If only we could end the story of Solomon there, but we cannot. Solomon built the temple of God David wanted to build but God said no. (II Samuel 7:11FF, I Chronicles 22). We see that Solomon amassed slaves, land, gold and women.

Now King Solomon loved many foreign women, along with the daughter of pharaoh… He had 700 wifes, princesses, and 300 concubines. And his wives turned away his heart. For when Solomon was hold his wives turned away his heart after other gods, and his heart was not wholly true to the Lord his God, as was the heart of David his father. For Solomon went after Ashtoreth…So Solomon did what was evil in the sight of the Lord… And the Lord was angry with Solomon because his heart had turned away fro the Lord, the God of Israel who had appeared to him twice.” (I Kings 11:1-10).

I hope you feel the weight of these verses. There is a reason God told the Israelites not to collect foreign wives. They lead your heart astray. We see this multiple times in Scripture. This is one of the reasons why God tells us in Corinthians not to be unequally yoked with unbelievers for what fellowship hath light with darkness, or God with idols. If we link ourselves to those who have a different world view and are not surrendered to the Lordship of Christ, they will lead us astray. There are few things as potent and powerful to pull someone way from the Lord then a love relationship with another who does not press you into Christ.

The Lord then promises to take the kingdom away from and raise up adversaries against Solomon. God tore the kingdom in half under Rehoboam, and from there the downward spiral of the Israel progressed. Solomon laid down with his fathers and slept.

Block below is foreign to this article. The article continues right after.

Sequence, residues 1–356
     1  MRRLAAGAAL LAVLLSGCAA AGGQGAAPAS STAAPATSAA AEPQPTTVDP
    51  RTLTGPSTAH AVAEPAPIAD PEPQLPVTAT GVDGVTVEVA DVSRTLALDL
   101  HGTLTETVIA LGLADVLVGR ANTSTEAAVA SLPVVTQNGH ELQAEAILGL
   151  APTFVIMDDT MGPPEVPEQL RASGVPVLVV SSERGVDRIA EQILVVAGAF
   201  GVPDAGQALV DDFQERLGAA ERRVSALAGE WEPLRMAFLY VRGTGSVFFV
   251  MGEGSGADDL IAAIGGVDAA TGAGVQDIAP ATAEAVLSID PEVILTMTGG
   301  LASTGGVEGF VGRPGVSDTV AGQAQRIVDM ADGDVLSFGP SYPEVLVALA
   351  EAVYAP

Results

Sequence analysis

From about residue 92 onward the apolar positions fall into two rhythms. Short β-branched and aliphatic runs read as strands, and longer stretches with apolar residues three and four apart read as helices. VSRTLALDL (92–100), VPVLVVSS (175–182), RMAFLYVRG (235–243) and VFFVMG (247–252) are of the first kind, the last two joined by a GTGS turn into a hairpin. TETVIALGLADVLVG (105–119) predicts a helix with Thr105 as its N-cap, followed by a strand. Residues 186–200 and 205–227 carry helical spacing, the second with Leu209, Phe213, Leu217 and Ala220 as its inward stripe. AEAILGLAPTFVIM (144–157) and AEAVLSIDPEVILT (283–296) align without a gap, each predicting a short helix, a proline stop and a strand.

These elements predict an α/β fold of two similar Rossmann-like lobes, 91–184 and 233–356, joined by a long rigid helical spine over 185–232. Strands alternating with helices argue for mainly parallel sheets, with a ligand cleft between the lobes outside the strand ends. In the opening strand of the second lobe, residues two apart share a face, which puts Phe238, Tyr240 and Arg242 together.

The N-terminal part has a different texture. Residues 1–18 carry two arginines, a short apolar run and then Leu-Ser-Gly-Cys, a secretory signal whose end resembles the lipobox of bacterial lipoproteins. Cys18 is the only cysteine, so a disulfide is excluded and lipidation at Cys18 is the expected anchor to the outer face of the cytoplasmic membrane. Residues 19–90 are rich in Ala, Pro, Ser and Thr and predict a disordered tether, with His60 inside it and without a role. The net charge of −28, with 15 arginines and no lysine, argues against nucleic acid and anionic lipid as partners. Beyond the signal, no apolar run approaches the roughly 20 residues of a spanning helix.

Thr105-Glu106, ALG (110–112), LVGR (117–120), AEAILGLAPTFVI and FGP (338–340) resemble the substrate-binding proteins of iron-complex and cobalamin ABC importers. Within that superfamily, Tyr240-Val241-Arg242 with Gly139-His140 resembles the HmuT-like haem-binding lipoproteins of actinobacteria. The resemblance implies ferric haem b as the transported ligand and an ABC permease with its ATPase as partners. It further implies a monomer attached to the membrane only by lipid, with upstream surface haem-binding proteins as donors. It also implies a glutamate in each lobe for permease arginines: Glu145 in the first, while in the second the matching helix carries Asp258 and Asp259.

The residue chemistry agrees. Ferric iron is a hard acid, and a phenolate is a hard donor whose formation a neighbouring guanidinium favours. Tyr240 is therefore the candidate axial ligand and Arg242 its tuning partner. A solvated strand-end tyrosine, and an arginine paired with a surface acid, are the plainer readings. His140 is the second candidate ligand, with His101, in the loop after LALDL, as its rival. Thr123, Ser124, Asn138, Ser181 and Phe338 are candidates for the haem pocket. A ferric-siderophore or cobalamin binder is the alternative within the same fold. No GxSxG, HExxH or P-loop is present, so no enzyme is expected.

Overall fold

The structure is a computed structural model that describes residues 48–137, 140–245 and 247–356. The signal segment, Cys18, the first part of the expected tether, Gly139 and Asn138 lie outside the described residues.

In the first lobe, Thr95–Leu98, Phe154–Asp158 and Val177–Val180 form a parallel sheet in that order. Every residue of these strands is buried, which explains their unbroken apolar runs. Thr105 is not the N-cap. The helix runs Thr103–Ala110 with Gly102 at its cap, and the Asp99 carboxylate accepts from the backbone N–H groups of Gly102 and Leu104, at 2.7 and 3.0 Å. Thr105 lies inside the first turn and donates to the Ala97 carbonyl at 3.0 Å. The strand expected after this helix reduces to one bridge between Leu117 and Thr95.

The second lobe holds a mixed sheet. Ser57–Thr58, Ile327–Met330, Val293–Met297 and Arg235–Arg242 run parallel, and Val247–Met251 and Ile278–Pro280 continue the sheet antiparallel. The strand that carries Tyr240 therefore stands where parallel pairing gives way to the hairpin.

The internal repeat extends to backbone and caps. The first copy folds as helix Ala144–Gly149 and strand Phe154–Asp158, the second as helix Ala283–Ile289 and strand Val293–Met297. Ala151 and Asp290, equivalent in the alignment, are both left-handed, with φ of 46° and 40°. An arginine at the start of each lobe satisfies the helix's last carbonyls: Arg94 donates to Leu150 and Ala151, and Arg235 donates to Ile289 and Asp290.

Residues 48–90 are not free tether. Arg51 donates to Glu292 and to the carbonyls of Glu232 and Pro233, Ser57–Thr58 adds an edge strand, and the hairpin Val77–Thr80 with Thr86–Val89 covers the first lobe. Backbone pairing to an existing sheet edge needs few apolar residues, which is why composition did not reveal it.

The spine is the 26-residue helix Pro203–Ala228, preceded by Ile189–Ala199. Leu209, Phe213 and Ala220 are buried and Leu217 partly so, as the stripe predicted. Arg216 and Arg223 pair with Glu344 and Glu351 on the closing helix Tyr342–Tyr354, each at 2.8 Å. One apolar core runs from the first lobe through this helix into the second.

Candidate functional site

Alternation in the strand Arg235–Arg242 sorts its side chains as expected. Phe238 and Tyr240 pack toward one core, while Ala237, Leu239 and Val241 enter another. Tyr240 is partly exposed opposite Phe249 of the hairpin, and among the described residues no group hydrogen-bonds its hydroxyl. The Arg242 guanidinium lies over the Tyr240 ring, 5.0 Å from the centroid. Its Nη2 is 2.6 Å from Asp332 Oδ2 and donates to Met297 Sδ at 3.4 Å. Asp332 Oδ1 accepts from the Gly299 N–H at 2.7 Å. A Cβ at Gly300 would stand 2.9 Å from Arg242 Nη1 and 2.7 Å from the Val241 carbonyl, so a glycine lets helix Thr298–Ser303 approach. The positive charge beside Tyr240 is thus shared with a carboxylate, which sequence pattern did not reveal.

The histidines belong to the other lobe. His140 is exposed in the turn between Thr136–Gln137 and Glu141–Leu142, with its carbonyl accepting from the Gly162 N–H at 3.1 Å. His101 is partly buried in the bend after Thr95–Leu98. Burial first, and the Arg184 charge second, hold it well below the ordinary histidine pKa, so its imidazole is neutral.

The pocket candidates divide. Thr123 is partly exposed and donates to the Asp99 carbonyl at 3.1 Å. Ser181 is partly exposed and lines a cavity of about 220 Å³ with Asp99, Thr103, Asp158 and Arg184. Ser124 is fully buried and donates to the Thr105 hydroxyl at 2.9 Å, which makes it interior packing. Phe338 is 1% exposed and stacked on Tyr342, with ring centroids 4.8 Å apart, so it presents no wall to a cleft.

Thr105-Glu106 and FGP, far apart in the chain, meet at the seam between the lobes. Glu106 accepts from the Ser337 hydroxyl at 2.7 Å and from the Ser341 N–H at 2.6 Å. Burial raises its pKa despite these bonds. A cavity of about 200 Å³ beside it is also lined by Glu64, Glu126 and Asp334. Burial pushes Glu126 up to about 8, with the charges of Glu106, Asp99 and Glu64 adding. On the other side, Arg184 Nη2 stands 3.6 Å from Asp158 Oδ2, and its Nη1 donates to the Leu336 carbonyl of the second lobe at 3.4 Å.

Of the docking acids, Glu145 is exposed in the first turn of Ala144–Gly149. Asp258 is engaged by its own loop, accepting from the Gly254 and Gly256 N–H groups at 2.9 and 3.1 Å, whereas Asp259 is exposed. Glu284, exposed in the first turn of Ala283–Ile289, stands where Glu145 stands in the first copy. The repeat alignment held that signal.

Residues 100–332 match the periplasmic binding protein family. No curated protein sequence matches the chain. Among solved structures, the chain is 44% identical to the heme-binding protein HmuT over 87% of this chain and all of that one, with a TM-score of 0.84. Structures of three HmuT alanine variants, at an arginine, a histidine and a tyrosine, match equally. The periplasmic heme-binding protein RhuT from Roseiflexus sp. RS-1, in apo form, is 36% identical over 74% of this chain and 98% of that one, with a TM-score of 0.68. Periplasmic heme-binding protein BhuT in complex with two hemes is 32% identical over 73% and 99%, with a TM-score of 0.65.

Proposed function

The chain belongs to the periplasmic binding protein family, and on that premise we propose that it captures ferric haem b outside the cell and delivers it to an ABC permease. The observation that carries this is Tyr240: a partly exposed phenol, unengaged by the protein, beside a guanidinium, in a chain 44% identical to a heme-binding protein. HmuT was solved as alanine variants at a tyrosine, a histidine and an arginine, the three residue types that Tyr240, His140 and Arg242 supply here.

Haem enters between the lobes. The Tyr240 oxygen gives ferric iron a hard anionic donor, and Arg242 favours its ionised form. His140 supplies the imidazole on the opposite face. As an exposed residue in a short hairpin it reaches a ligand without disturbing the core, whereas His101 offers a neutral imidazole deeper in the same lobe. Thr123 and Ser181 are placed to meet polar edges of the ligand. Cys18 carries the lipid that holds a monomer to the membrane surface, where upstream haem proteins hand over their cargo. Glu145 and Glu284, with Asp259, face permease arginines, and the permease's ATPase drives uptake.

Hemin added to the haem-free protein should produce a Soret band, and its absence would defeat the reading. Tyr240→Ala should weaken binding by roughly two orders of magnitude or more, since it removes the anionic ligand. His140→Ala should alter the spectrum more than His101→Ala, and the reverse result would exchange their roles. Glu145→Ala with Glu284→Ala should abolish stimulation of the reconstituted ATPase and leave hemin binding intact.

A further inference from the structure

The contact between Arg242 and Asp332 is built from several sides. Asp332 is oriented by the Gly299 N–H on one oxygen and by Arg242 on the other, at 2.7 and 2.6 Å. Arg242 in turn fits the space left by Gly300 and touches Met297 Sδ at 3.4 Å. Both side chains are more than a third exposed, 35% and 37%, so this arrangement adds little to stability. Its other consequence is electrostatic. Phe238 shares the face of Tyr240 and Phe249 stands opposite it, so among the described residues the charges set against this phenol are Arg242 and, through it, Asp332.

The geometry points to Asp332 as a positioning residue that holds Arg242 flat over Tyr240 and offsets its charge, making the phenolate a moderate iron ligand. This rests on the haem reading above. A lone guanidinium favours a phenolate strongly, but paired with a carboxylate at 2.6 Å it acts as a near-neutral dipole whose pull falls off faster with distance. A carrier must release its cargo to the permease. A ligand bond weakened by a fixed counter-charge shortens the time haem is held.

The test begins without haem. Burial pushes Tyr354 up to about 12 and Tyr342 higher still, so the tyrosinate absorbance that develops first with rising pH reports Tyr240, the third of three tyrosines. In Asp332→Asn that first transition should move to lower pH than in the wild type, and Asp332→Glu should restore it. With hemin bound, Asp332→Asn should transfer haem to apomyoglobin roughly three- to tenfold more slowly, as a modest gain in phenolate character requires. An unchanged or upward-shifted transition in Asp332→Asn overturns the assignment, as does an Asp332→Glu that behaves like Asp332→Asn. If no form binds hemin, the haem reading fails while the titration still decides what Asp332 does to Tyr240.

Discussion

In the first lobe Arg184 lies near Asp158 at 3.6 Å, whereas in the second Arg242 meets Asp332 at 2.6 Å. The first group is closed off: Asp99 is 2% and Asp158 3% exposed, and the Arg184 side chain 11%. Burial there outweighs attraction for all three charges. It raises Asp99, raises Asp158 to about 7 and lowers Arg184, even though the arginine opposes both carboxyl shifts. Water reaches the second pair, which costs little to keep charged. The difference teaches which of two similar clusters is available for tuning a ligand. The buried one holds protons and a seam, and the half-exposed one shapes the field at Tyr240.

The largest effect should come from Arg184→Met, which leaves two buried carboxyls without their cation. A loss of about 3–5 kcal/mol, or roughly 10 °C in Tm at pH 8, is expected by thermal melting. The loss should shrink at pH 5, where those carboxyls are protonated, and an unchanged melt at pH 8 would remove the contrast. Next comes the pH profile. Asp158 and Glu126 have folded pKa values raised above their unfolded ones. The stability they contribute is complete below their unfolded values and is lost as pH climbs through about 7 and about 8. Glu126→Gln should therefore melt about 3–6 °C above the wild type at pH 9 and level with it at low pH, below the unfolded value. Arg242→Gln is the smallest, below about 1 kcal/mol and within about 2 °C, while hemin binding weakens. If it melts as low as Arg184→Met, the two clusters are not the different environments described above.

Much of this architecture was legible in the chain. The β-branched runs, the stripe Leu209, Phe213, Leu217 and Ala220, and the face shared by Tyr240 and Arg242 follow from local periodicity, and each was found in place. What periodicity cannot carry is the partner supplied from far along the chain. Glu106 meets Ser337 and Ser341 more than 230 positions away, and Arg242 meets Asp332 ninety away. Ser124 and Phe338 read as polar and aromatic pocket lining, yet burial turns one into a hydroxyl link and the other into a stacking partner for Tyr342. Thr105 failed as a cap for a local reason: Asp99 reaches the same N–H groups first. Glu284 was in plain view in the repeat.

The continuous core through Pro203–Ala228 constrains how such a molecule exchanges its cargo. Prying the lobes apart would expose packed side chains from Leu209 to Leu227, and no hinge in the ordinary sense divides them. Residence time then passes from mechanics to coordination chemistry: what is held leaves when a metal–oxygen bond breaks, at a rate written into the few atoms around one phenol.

During his life Solomon wrote Song of Solomon, Ecclesiastes, and most of Proverbs. It is amazing that someone who knew so much could still slide down the slope of sin so late in life. Solomon was old the text says when he was corrupted by his wives.

Now that we have looked briefly at the life of Solomon. There are some lessons we can glean from it. I hope these are a blessing to you as you meditate on this text.

  1. God is merciful and gracious, His steadfast love endures. All through this story we see God’s promises being fulfilled. We also see God’s mercy and grace. By letting David live and giving him a second son with Bathsheba. God blessing in spite of sin of (polygamy). This was culturally accepted but was not God’s design for marriage which is one women and one man. God had every right to destroy David and Solomon but he didn’t he mercifully walked with them, and blessed them. Even in the end he is merciful to Solomon. God had every right to take the kingdom immediately from Solomon but he did not he left it because of his servant David walked in His statues. God is gracious to us in sending his son in our place to pay for our sins.